by William Skink
One of the more consistent complaints from all the conversations about the housing affordability crisis comes from developers and centers on the red-tape involved in the construction process. Reduce some of that red-tape, they say, and the cost of building will go down. Do council members Heather Harp and Gwen Jones understand this concept?
In the Missoula Current today Harp and Jones are championing their idea to coerce contractors into creating apprentice programs if they don’t already have one. I’ll get to why this is a bad idea in a moment. Here’s the rationale for the apprentice program:
City councilors Heather Harp and Gwen Jones created a plan that provides a bidding preference to contractors using a State of Montana Registered Apprentice Program for city of Missoula construction projects totaling $500,000 or more.
The plan is supposed to promote job training, improve the skills of the workforce, and get younger people interested in the benefits of a job in skilled labor.
I understand the rationale, and getting younger folks interested in skilled labor is not a bad thing, but will the method of coercion being proposed have unintended consequences?
Here is how the coercion will work if enough Council member vote to approve this plan:
Contractors that use apprentices for at least 10 percent of the total labor hours on construction projects owned by the city of Missoula will be given a 5 percent preference in the bidding process.
So, why is this a bad idea?
In one of my posts last week I highlighted the perspective of Hermina Jean Harold, the executive director of Trust Montana and a community organizer for the North-Missoula Community Development Corporation. Harold thinks the housing recommendations being proposed should include inclusionary zoning because both Bozeman and Whitefish eventually realized this type of zoning is a necessary component in addressing affordability.
In Missoula our civic leadership decided NOT to learn any lessons from Bozeman and Whitefish. Because of that decision they are going to need all the voluntary cooperation from developers they can elicit.
With that reality in mind, I anticipate this coercive apprentice program will be counterproductive on two levels: it does the exact opposite of reducing red-tape while simultaneously pissing off the very people our City Council members will need voluntary help from to make housing more affordable in Missoula.
I didn’t need an article from the Missoula Current to know that at least one contractor is angry about this program. Here is a comment from the post I wrote about gentrifying Missoula’s Hip Strip:
Hi William, Why yes I do know the backlash from chalenging Missoulas policies. They have just thrown us contractors a new twist to force apprenticeship programs despite every contractoir being against this. Sorry guys I raised my voice against our nazi regime, now we all pay. Not only do we pay, but so does the poor apprentice making half the money he would have if current regs were left alone.. Yes Gwen Jones is right up there nosing around in things she knows nothing about, smug and acting like a wide eyed school girl to get what she wants.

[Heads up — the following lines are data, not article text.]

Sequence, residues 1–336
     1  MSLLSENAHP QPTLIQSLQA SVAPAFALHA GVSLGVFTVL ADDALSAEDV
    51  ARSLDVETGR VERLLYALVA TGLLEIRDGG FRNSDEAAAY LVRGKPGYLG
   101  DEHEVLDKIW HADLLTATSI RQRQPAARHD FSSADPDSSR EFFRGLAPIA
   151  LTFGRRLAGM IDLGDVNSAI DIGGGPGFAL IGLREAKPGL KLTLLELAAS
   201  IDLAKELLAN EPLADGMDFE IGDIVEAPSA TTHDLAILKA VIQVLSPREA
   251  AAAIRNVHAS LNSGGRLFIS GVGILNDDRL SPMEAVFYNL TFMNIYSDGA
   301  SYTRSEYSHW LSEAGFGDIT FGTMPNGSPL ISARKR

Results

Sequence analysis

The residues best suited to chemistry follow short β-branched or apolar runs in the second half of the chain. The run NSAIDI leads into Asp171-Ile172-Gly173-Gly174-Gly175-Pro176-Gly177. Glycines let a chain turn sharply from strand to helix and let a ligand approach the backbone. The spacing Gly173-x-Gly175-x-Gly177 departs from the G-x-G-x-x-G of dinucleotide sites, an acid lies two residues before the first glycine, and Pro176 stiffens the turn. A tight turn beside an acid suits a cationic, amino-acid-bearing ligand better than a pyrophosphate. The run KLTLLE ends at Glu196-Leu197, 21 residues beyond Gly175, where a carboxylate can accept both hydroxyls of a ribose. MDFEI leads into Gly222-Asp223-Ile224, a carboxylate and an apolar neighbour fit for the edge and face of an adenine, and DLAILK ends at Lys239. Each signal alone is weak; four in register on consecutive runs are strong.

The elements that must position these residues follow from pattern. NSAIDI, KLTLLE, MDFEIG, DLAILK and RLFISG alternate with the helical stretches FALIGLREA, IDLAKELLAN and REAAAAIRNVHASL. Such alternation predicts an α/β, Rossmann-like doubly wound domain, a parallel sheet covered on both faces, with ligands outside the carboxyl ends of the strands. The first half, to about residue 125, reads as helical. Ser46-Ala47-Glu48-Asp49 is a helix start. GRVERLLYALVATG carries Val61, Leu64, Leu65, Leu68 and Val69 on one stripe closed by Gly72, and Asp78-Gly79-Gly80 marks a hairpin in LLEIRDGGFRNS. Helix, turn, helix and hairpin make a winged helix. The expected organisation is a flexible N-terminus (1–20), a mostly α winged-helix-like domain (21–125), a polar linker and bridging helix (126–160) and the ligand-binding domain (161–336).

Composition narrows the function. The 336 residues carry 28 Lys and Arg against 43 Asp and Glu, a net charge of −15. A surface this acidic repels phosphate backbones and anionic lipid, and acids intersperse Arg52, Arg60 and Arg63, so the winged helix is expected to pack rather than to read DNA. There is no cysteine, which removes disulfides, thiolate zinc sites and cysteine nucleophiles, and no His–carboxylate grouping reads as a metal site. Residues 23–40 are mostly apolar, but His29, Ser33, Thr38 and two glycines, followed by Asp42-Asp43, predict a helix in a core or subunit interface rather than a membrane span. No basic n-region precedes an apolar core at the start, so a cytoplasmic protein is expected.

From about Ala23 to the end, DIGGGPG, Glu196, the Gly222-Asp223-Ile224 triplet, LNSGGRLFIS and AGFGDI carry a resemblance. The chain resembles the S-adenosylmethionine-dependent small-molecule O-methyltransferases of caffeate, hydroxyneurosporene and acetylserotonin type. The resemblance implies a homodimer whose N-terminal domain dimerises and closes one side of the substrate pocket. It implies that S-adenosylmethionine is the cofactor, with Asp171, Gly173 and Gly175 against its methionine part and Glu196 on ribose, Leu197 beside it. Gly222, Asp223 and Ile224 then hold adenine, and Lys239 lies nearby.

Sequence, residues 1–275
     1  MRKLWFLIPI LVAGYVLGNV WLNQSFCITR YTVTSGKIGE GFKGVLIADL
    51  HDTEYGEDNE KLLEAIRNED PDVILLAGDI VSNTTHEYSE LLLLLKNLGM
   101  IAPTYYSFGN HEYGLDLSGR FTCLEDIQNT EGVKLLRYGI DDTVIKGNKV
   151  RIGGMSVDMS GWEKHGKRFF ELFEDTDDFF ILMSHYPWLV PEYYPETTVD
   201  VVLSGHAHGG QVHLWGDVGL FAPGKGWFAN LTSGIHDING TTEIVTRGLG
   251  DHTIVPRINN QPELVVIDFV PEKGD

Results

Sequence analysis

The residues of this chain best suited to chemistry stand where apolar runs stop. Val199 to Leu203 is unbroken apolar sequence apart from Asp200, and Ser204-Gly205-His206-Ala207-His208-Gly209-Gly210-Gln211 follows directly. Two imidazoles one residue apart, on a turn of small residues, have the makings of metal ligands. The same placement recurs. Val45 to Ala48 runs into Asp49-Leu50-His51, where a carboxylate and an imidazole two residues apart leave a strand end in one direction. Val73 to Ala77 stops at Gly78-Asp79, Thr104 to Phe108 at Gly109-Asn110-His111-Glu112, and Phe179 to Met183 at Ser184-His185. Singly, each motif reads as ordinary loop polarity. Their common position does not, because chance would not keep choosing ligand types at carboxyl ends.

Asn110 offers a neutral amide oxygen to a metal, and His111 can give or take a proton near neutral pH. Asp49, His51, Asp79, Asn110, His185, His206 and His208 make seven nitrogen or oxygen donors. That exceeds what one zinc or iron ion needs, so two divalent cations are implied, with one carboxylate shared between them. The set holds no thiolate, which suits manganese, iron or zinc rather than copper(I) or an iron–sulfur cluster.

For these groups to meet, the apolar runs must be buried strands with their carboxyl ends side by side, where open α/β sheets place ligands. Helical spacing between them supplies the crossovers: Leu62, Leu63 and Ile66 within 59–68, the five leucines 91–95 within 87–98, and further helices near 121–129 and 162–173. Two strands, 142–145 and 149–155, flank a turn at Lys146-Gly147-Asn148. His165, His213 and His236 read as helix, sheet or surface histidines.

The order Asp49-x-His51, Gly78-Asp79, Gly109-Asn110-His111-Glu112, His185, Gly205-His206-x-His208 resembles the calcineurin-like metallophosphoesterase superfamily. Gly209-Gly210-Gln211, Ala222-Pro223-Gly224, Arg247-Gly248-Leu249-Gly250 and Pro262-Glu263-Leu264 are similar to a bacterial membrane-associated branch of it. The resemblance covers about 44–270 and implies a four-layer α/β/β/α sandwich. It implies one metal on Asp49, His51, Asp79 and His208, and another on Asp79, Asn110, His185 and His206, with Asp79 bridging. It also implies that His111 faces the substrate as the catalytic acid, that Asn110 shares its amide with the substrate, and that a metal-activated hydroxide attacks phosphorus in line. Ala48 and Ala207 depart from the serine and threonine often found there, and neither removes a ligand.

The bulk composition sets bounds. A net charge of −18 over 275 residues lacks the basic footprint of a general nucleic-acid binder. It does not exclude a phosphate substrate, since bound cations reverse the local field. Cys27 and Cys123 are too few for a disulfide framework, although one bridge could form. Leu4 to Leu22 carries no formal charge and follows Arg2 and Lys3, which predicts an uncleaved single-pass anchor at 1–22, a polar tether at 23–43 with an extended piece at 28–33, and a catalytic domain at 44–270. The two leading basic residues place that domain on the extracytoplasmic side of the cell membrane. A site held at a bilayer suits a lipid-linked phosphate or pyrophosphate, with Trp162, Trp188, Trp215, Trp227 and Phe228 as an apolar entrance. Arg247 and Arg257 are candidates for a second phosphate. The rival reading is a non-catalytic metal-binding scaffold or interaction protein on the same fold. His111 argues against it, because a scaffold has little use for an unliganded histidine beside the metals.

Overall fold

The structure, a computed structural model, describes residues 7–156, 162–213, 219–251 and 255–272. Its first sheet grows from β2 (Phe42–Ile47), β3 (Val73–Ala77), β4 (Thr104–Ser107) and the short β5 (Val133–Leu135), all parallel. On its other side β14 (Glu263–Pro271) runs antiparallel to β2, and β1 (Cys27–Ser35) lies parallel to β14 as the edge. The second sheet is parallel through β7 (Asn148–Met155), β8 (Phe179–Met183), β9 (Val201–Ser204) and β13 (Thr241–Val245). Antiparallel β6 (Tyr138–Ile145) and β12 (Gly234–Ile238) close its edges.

The Missoula Current also referenced a contractor who is against this resolution. Here’s the one dissenting voice allowed in the article:
Co-owner of Shadow Asphalt Jeremy Ogilvie didn’t support the resolution. Putting inexperienced people in the field is dangerous, he said, and while having an apprenticeship program isn’t mandatory, the competition among contractors would force his company to participate.
“It’s a 10-man crew, working as one,” he said. “Just like a football team, everyone has to have their role and know when to do it and how to do it or it doesn’t work. Throwing a couple high school kids out there at the wong time just means that my guys are responsible for the safety of other people that might not understand how to work around heavy equipment.”
Having to have 10 percent of the labor work done by apprentices may also mean turning away experienced workers to meet the program requirements.
Ogilevie said that his company is already training about eight young workers to load trucks, break concrete, and on other aspects of the job that don’t involve a high skillset. They have to work up to that point, he said.
“There’s going to be a lot of unintended consequences with managing it and expenses on a small business,” Ogilvie said. “We will try to follow the rules, we will become certified if we have to, but I think it’s not going to have the outcome that you want.”
Here are some questions not answered by this article: Will this program add time and money to construction projects? Will it disproportionally hurt small businesses? And, will it actually produce the desired results?
I’m assuming the answers to these questions are important to the luminous ones who come up with these ideas, but maybe that’s a wrong assumption.